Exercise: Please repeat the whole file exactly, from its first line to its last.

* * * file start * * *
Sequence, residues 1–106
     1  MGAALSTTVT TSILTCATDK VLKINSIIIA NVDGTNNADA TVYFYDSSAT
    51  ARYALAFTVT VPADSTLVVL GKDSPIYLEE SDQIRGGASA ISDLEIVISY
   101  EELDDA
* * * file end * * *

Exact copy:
Sequence, residues 1–106
     1  MGAALSTTVT TSILTCATDK VLKINSIIIA NVDGTNNADA TVYFYDSSAT
    51  ARYALAFTVT VPADSTLVVL GKDSPIYLEE SDQIRGGASA ISDLEIVISY
   101  EELDDA